4) Toronto Star Editorial Says "Canada betrayed Haiti’s democrats"

In an editorial of February, 2006; just before the first elections since the coup were about to be held, the Toronto Star basically recycled the editorial it had written in 2004. The bogus charge that Canada "did nothing" was repeated as were the same old smears against Aristide:

"He is a fiery populist who fanned rich-poor tension, relied on gangs and tolerated corruption. But the unelected Haitian elite who chased him from office, with the approval and support of U.S. Republicans, was no better."

Support for the coup went far beyond the Haitian elite and US Republicans. The Canadian and US governments (under Clinton and Bush) funded NGOs hostile to Aristide. Some of the Canadian funded groups were progressive (Christian Aid, Oxfam Quebec, Alternatives, Right and Democracy) yet dutifully parroted the right wing talking points about Aristide. By 2005 this had been extensively documented by Yves Engler and Anthony Fenton. Invariably, these CIDA funded groups would rely on another CIDA grantee, Pierre Esperance, for their information about Haiti. [8]

5) The Lancet Study Gets Noticed

In August of 2006 the results of a scientific survey conducted by Athena Kolbe and Royce Hudson was published in the Lancet medical journal. It found that 4000 political killings were perpetrated in the greater Port-au-Prince during the two years Haiti was under dictatorial rule. The perpetrators were overwhelmingly the Haitian police and militias allied with them.

Since the survey was published there have been only eight articles in the Canadian press that mentioned it – three in the Toronto Globe and Mail, the other five in the Montreal Gazette (which includes one editorial). Information quickly surface that Athena Kolbe, then going by the name of Lyn Duff, had volunteered at an orphanage established by Aristide. The Lancet investigated the allegations of bias and concluded that it "has confidence in Kolbe and Hutson’s findings as published."

The study generated much more scrutiny of Athena Kolbe than of Canada’s murderous policy. The only editorial provoked by the study was entitled "Haiti Study deserved to be trashed" (Montreal Gazette, September 11, 2006).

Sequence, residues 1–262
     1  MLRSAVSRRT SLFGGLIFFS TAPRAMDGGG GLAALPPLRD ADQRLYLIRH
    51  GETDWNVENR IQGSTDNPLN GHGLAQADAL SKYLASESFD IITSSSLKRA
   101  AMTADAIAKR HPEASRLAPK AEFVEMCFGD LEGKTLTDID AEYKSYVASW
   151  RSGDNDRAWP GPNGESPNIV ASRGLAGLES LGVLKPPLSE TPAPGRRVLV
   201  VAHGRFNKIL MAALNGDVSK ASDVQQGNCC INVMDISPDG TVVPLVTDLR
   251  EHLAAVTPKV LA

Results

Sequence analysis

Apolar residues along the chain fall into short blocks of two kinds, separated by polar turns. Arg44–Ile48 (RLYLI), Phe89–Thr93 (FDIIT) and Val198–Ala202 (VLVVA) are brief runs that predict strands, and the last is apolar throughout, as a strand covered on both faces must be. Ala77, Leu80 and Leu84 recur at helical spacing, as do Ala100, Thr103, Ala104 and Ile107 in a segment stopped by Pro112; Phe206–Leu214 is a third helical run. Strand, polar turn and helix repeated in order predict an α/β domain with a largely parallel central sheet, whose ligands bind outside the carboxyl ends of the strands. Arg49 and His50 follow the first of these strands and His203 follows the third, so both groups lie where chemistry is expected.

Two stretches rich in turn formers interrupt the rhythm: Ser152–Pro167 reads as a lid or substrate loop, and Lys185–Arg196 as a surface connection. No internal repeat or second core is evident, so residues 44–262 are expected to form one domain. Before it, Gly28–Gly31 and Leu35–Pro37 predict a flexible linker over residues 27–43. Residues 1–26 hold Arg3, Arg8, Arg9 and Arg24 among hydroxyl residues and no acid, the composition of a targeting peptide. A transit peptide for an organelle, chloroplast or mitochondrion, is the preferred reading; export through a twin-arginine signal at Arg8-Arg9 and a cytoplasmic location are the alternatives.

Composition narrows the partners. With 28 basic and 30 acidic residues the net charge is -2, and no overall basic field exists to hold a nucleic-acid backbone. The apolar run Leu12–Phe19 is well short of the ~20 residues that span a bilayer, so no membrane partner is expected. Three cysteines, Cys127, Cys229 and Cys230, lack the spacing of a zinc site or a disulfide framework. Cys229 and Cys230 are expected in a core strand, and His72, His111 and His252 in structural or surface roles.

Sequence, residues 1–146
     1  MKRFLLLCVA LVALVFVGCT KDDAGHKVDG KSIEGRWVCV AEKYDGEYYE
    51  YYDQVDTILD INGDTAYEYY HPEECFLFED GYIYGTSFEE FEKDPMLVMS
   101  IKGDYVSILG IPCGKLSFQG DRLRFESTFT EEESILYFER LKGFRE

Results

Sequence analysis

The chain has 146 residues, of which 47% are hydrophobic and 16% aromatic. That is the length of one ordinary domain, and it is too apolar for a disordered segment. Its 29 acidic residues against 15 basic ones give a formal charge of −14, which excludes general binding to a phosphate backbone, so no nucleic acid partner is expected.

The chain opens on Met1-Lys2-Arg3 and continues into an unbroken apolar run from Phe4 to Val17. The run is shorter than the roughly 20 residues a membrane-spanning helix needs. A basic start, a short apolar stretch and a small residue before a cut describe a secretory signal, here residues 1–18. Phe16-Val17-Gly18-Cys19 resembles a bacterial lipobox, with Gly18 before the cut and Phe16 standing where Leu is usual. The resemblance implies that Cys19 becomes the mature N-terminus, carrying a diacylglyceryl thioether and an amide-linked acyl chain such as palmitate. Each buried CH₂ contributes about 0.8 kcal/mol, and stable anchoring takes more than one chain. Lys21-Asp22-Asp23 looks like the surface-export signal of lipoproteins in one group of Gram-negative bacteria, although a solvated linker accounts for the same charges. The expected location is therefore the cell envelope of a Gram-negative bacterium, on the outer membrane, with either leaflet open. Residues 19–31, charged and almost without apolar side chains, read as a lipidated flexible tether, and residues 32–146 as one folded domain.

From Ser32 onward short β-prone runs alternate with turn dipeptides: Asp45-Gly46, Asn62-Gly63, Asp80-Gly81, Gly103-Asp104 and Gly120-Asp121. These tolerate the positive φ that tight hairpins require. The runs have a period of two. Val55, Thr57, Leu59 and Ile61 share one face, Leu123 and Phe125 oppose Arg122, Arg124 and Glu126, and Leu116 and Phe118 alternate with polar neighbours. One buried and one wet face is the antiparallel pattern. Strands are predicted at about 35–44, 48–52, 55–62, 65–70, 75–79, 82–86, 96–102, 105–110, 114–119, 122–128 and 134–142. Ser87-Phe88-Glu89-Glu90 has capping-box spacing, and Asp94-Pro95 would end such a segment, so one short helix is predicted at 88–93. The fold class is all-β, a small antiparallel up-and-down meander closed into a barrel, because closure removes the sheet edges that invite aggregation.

Only Marina Jimenez reported the Lancet’s findings regarding the allegations of bias ("Author of study on Haiti cleared of bias by journal" February 9, 2007).

6) Token Lefties Speak Out

Two writers who could be described as leftists have regular columns in the corporate press – Rick Salutin (Globe & Mail) and Linda McQuaig. (Toronto Star).

Over the past five years, Linda McQuaig has written two articles about Haiti, both early in 2004 and both touching very lightly on Canada’s role. [9] In September of 2006 she explained why the Star had rejected her suggestions that Haiti be debated more frequently as follows:

"I have pushed it a few times, but I know there’s no interest in stories that aren’t attracting a lot of news attention, so I have tended to leave it."

In other words, she timidly accepted the corporate media’s priorities. They didn’t consider Canadian responsibility for the worst human rights disaster in the Western Hemisphere newsworthy – so why push it?

Rick Salutin also wrote two articles about Haiti over the past five years. His articles were much more hard hitting and informed about Canada’s role than McQuaig’s. [10] I emailed him in 2006 asking him to write more about Haiti. He replied as follows:

"I watch the situation there closely and admire the tenacity of the Haitian people as well as that of their supporters, but I tend to write on a topic only when I feel I have something to say that hasn’t been said."